The first of GM’s all-new large crossovers is a sign of good things to come, just don’t buy this version.
– Cleveland, Ohio
The GMC Acadia is all-new for 2017 and the first of General Motors’ new line of large, three-row crossovers to debut; a new Chevrolet Traverse and Buick Enclave will soon follow. The all-around goodness of the new Acadia bodes well for those other brands. It looks better, is more refined, and has more technology than the old Acadia.
The mid-level SLE and SLT trims can also now be ordered as All Terrain models, an option that was previously only available on the brand’s Sierra half-ton and heavy-duty trucks. Like a Stepford Dad dressed for a Cub Scout overnighter, it looks sharp in its brand new camping outfit. In reality, though, I wouldn’t cross anything more than a mulched flower bed in the All Terrain. For that and more reasons below, I recommend steering clear of it. Fortunately, the Acadia’s new bones are solid and, All Terrain aside, this is a three-row crossover worth your consideration.
- The Acadia’s new design makes a great first impression and I received a number of unsolicited compliments about its looks during the week I drove it. The first-generation Acadia had fairly simple lines with flat sheet metal along the sides. The new design, though, is muscular, with a body that curves out around its fenders and a smaller, less brutish front end. Park this next to a Pilot, Explorer, or Highlander, and it’ll be the Marcia to their Jan every time.
- At least in this All Terrain version, the Acadia is very plush and comfortable to drive. From the compliant suspension to the seats that feel like collapsing into your living room recliner when you get in, the Acadia pampers.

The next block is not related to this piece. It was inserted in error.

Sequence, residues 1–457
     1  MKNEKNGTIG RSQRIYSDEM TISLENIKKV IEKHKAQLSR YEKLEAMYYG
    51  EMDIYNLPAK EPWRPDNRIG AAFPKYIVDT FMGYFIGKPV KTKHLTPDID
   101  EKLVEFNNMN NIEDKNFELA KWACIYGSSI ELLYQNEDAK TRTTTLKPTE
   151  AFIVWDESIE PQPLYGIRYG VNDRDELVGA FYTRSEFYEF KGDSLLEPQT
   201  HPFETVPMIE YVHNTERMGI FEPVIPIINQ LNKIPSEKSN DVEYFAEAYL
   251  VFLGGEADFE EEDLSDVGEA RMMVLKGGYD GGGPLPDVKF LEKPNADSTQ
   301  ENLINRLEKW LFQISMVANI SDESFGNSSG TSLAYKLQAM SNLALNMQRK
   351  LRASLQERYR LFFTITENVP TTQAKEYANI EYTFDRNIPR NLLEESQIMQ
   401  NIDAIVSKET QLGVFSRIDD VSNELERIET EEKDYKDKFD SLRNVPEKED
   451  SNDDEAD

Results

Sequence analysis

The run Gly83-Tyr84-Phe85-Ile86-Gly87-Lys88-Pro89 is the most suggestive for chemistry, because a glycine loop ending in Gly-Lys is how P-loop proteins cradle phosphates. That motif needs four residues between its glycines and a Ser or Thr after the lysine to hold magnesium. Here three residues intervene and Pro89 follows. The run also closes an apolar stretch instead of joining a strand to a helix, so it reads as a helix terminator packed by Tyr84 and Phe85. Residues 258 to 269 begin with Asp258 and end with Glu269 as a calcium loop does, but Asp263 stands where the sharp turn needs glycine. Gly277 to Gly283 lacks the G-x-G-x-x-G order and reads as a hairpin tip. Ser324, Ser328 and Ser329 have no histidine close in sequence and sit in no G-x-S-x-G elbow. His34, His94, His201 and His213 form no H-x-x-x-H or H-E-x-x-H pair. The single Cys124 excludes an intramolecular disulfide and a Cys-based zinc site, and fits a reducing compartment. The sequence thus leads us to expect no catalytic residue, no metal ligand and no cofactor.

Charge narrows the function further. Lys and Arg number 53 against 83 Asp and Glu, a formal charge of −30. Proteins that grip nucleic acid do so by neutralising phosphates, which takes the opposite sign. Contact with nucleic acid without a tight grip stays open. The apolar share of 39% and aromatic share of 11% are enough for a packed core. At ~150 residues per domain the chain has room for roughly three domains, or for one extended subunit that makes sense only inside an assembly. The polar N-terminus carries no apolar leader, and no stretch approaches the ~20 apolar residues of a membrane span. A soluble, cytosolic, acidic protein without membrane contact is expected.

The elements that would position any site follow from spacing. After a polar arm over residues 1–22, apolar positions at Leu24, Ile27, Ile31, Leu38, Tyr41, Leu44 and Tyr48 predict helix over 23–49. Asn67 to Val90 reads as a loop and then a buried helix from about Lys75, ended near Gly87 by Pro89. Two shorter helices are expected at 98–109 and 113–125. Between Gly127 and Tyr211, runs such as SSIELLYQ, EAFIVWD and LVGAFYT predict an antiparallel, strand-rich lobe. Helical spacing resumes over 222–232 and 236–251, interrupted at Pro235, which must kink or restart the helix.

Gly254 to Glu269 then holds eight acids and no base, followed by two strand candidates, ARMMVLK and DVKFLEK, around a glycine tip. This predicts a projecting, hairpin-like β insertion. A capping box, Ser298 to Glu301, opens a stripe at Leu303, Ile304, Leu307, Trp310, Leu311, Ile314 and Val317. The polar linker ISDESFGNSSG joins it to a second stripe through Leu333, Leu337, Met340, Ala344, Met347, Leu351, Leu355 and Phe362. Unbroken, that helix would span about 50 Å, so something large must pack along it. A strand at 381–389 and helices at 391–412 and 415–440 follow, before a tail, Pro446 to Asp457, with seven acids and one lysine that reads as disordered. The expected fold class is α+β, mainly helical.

- The engine under the hood is a mighty 3.6-liter V6 that produces 310 horsepower and 271 pound-feet of torque. That’s a lot of power, more than any other non-turbo V6 from its competitors (the Durango’s optional V8 and Ford’s available twin-turbo V6 make more power). Acceleration is strong for a vehicle that blocks out so much of the sun and the engine operates quietly and with little vibration. Plus, it features clever fuel-saving tech like cylinder deactivation, which shuts down two cylinders while cruising to save fuel, and a unique drivetrain that can disconnect the rear wheels entirely to run as a more fuel efficient front-wheel-drive crossover.
- There’s a price to be paid for that cushy ride. The Acadia’s handling is on the soft side, feeling more like a top-heavy minivan in turns than an adventure-oriented crossover. In fact, there’s enough roll here that I would feel less comfortable driving the Acadia in an emergency avoidance maneuver, like turning sharply to miss a tire in the road, than its competitors that exhibit better body control.
- All Terrain? Aside from a fancy all-wheel-drive system with settings for two- and four-wheel drive, and sport, mountain, and tow modes, there’s nothing remotely outdoorsy about this crossover. It’s very low to the ground (don’t let the acres of lower black cladding around the body fool you) and its 20-inch wheels are huge; this is practically a station wagon and its domain is strictly pavement.
- Where’s the third row, yo? For inexplicable reasons, GMC took out the Acadia’s third row for this All Terrain trim. It’s still there if you get an SLT or Denali, but All Terrain buyers lose the extra seats. Perhaps GMC believes the All Terrain model will appeal more to adventurous DINKs who don’t need an extra bench, but they’re wrong, especially when keeping said seats wouldn’t harm cargo space. Amusingly, there are even still cupholders and USB ports back there for seats that don’t exist.
- Chevrolet Traverse
- Dodge Durango
- Ford Explorer
- Honda Pilot
- Hyundai Santa Fe
- Kia Sorento
- Mazda CX-9
- Nissan Pathfinder
- Toyota Highlander
Photos: John Neff / Motor1.com